Pluralistic: Big Telco's fury over FCC plan to infuse telecoms policy with facts (10 Nov 2023)

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An old photo of a 19th century telephone transmission tower with thousands of wires streaming off of it. The three wise monkeys are arrayed around it, with string-connected tin cans joining them. The top spires of the tower all sport American flags.

Big Telco's fury over FCC plan to infuse telecoms policy with facts (permalink)

Reality has a distinct anti-conservative bias, but conservatives have an answer: when the facts don't support your policies, just get different facts. Who needs evidence-based policy when you can have policy-based evidence?

Take gun violence. Conservatives tell us that "an armed society is a polite society," which means that the more guns you have, the less gun violence you'll experience. To prevent reality from unfairly staining this pristine ideological mind-palace with facts, conservatives passed the Dickey Amendment, which had the effect of banning the CDC from gathering stats on American gun-violence. No stats, no violence!

Policy-based evidence is at the core of so many cherished conservative beliefs, like the idea that queer people (and not youth pastors) are responsible for the sexual abuse of children, or the idea that minimum wages (and not monopolies) decrease jobs, or the idea that socialized medicine (and not private equity) leads to death panels:

The Biden administration features a sizable cohort of effective regulators, whose job is to gather evidence and then make policy from it:

Fortunately for conservatives, not every Biden agency is led by competent, honest brokers – the finance wing of the Dems got to foist some of their most ghoulish members upon the American people, including a no-fooling cheerleader for mass foreclosure:

And these same DINOs reached across the aisle to work with Republicans to keep some of the most competent, principled agency leaders from being seated, like the remarkable Gigi Sohn, targeted by a homophobic smear campaign funded by the telco industry, who feared her presence on the FCC:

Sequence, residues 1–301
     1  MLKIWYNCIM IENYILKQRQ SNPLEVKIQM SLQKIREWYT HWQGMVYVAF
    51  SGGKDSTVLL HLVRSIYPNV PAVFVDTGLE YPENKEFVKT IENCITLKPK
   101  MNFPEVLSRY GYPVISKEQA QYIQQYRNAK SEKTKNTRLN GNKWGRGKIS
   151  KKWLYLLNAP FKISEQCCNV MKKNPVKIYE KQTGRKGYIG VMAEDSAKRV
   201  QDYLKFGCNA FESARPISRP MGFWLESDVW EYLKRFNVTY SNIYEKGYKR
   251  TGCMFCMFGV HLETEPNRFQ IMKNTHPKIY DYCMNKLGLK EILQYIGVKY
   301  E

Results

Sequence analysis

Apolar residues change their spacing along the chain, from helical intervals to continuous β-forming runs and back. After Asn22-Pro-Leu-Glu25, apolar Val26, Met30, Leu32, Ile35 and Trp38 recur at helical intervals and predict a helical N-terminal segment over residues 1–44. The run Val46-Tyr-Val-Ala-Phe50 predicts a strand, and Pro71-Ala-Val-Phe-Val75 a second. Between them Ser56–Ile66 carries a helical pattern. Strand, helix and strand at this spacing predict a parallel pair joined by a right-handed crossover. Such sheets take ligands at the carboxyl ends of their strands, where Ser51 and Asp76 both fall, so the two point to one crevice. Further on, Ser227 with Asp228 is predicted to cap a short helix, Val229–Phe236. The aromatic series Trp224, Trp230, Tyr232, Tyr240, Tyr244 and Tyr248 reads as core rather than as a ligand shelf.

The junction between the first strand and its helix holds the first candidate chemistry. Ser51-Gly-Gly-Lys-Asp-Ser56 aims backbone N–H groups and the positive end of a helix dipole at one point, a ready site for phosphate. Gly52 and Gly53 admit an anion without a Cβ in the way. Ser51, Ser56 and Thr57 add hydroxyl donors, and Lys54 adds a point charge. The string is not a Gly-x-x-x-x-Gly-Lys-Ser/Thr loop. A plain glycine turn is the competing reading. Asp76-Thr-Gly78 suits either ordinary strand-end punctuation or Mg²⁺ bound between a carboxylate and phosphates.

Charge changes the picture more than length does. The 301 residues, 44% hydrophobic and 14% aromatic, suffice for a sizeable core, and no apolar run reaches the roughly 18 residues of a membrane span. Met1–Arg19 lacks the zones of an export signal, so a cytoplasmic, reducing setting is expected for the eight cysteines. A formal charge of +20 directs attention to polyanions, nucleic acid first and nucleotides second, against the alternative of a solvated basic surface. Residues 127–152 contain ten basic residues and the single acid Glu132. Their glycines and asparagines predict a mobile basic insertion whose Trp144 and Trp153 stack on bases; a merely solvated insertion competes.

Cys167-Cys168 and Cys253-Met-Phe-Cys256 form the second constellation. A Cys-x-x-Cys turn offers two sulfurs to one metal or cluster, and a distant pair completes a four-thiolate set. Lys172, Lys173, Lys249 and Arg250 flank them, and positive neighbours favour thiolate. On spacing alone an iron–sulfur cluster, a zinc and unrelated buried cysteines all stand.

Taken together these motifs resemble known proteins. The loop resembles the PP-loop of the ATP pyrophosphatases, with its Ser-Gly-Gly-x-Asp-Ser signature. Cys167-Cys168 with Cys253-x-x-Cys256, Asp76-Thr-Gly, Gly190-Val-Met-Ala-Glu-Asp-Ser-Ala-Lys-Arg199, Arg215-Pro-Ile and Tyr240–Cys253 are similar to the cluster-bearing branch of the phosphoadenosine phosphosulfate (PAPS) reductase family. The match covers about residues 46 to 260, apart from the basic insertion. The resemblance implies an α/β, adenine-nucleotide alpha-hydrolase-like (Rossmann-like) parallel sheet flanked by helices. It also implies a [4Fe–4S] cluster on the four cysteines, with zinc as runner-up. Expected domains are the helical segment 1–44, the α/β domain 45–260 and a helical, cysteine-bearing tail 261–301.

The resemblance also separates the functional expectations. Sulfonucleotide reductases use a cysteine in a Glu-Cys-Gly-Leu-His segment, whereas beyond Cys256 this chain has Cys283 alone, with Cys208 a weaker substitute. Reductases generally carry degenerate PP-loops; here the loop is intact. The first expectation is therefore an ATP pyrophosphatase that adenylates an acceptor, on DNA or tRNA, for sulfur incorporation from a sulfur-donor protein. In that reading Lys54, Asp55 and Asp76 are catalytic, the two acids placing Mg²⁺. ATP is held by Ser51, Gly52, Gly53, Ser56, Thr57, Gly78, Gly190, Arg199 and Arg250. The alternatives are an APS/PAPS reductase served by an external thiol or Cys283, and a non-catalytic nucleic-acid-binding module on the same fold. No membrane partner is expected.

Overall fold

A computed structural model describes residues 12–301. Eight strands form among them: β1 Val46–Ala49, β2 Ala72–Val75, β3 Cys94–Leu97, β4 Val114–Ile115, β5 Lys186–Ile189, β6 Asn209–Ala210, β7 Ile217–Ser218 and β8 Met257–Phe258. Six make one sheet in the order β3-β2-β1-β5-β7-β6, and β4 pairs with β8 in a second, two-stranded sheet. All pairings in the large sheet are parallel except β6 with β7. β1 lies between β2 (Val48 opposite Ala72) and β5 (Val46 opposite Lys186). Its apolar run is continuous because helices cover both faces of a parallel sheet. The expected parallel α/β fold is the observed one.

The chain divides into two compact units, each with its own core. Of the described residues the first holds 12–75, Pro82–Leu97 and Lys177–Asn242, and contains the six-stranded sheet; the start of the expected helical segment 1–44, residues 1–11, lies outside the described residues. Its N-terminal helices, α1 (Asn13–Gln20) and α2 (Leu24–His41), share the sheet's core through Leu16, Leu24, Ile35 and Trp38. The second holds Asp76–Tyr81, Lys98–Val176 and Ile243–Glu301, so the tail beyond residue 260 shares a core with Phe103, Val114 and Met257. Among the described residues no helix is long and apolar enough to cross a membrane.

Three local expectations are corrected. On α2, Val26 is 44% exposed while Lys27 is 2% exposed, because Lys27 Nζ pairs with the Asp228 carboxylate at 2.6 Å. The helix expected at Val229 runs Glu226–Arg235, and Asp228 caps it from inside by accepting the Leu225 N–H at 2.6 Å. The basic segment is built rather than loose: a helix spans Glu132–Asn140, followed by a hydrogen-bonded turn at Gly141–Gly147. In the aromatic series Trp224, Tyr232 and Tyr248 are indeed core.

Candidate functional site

The telcos are old hands at this stuff. Long before the gun control debates, Ma Bell had figured out that a monopoly over Americans' telecoms was a license to print money, and they set to corrupting agencies from the FCC to the DoJ:

Reality has a vicious anti-telco bias. Think of Net Neutrality, the idea that if you pay an ISP for internet service, they should make a best effort to deliver the data you request, rather than deliberately slowing down your connection in the hopes that you'll seek out data from the company's preferred partners, who've paid a bribe for "premium delivery."

This shouldn't even be up for debate. The idea that your ISP should prioritize its preferred data over your preferred data is as absurd as the idea that a taxi-driver should slow down your rides to any pizzeria except Domino's, which has paid it for "premium service." If your cabbie circled the block twice every time you asked for a ride to Massimo's Pizza, you'd be rightly pissed – and the cab company would be fined.

Back when Ajit Pai was Trump's FCC chairman, he made killing Net Neutrality his top priority. But regulators aren't allowed to act without evidence, so Pai had to seek out as much policy-based evidence as he could. To that end, Pai allowed millions of obviously fake comments to be entered into the docket (comments from dead people, one million comments from address, comments from sitting Senators who disavowed them, etc). Then Pai actively – and illegally – obstructed the NY Attorney General's investigation into the fraud:

The pursuit of policy-based evidence is greatly aided by the absence of real evidence. If you're gonna fill the docket with made-up nonsense, it helps if there's no truthful stuff in there to get in the way. To that end, the FCC has systematically avoided collecting data on American broadband delivery, collecting as little objective data as possible: